“Arab society is afraid to deal with mental illness; it is something that is hidden and there is a real lack of awareness and confusion about this topic,” says Abu Moch, who is responsible for some 320 statesalaried imams that head mosques across the country.

“After our success with the previous program for people with physical disabilities, we felt that we had a responsibility to run a similar course about mental health disabilities. At first we debated whether we should do it because we know this is a very deep issue, but we realized that we do not have the right to neglect one whole group of people.”

He says that the main barrier to understanding mental illness is the Islamic belief in jinni – spirits from another world who can sometimes be good, but most often are bad and are likely to wreak havoc if left unchallenged.

“There is a lot of confusion on this issue,” Abu Moch explains. “In Islam we believe in jinni; they are written about in the Koran, and often people see mental illness as being caused by a jinn but it is a scientific or medical condition that can be dealt with by medicine.”

In this case, he theorizes, the Koran dictates that if a person suffering from a medical disorder – this includes mental illnesses such as schizophrenia, bipolar disorder or depression – he “must” seek medication.

“Mental health disabilities are a disorder in the brain and therefore people suffering from them must be treated by a doctor,” he says, adding quickly, “it is fine for an imam to read sections of the Koran to help the sick person spiritually, but this has to be done in conjunction with providing medication too.”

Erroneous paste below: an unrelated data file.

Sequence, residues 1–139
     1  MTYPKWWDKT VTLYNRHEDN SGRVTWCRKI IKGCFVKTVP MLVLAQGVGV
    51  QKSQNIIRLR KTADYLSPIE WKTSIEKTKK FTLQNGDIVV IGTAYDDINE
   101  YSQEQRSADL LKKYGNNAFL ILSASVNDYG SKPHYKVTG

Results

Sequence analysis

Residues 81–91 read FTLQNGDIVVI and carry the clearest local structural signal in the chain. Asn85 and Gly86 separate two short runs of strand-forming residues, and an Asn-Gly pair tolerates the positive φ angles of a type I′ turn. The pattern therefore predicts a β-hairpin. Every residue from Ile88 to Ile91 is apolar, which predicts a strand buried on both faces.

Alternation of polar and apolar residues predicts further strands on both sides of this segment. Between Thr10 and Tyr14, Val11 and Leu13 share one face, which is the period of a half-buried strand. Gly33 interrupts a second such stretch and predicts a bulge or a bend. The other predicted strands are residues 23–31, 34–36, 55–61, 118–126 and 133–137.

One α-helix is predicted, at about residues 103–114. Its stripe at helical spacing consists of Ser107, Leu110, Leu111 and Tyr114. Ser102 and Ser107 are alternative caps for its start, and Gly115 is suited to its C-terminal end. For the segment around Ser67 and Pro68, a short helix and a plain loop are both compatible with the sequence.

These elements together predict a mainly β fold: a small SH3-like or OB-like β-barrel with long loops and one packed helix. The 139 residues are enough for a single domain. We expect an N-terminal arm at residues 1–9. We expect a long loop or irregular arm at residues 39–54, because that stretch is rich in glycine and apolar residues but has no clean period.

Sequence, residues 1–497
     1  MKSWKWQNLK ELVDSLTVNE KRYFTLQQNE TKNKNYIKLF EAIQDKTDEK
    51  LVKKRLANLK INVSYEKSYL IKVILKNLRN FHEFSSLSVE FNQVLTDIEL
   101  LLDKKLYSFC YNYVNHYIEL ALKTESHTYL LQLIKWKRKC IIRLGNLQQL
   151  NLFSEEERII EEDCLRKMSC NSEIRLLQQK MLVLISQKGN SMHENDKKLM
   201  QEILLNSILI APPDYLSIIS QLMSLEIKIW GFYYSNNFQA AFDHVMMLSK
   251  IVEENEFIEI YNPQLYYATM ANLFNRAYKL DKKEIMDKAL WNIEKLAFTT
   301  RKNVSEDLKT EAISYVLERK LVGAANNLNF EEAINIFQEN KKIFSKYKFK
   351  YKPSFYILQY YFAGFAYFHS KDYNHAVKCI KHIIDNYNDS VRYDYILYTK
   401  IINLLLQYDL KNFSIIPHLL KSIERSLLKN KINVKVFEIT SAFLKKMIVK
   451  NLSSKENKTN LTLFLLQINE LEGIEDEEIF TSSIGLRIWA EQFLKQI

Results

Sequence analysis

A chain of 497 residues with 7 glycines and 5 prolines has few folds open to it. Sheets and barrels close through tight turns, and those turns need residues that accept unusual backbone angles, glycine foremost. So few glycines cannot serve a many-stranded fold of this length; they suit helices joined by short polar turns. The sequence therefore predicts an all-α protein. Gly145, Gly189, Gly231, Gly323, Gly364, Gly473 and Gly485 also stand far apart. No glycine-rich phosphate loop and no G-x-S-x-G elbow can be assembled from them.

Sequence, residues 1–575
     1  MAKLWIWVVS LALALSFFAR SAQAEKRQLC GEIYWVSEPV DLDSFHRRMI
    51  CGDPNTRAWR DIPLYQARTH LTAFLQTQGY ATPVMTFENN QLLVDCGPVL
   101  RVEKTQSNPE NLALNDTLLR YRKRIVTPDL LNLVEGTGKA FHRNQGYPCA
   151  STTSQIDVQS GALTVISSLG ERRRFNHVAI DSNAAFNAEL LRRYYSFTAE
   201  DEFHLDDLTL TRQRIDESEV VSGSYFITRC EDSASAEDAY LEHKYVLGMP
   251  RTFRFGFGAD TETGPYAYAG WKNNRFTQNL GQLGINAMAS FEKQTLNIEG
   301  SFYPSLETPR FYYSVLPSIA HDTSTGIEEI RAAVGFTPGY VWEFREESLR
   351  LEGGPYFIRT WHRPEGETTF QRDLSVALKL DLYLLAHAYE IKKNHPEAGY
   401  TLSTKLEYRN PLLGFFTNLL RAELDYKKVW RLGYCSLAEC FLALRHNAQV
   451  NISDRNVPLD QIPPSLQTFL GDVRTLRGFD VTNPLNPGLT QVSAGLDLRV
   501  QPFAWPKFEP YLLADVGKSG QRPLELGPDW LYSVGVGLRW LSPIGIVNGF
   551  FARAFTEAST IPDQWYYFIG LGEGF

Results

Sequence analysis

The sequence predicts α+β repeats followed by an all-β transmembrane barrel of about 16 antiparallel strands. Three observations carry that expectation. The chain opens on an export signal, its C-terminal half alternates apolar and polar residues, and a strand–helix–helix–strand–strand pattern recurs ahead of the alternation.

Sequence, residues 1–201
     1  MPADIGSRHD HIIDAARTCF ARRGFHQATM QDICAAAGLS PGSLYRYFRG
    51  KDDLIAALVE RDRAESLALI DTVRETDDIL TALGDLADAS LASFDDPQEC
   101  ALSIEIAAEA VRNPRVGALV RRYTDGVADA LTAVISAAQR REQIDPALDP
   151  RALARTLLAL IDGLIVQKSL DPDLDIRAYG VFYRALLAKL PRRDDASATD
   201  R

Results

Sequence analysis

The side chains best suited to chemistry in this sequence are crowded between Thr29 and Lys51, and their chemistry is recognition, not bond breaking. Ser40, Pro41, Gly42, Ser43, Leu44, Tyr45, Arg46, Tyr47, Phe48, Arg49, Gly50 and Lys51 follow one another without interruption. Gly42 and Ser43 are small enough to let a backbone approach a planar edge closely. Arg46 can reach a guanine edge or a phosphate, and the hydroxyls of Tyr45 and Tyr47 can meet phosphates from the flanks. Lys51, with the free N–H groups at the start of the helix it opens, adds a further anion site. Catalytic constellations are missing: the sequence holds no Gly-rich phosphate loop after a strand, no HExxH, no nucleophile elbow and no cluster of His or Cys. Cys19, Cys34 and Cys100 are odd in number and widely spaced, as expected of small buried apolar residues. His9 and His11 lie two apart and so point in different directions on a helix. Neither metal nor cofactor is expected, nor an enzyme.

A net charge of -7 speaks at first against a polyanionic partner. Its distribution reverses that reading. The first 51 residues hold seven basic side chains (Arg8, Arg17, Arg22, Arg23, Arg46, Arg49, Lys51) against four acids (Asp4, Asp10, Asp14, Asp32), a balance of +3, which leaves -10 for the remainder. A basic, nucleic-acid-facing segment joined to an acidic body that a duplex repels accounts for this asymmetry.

During the 40-hour course, which has included a lecture from a Muslim psychiatrist on how mental illness fits with Islamic philosophy and a session on understanding the country’s mental health disability laws, state benefits and rights, the imams are encouraged to research Islamic texts, including the Koran and the Hadith to find references to mental illness and come up with practical solutions to problems such as what is the definition of a mentally ill person, can people with mental health disabilities get married or how to deal with post-partum depression in new mothers.

“An imam is the key person in Muslim society,” explains Abu Moch. “He is a person who has won a place to be influential in his community and the people around him see the imam as a very important person; he is both a religious and social leader... he is the person that will be able to raise awareness to this issue and bring a better understanding of this subject, which almost no one talks about.”

WHILE IT is still too early to assess how influential this course will be, it is clear that after only a few sessions the religious leaders who gather here each week are talking about mental illness and taking it very seriously.

Even with this measured success, however, both Diab and Abu Moch are bitterly aware that the challenges lie far beyond religion. The two point out that almost no statistics exist to suggest how many Arabs suffer from mental illness and both say that services to help those who are so clearly hidden are even scarcer.

According to Avital Sandler-Loeff, area head of the Division for Disability and Rehabilitation at JDC-Israel, who runs the entire Masira project, even though the Law for Mental Health Rehabilitation was passed a decade ago and provides some “very advanced” services, only very few Arabs come forward to claim their rights.

They are put off by religious concerns and cultural fears that doing so will bring shame to their family’s honor. They prefer to keep quiet about relatives with mental health disabilities, she says.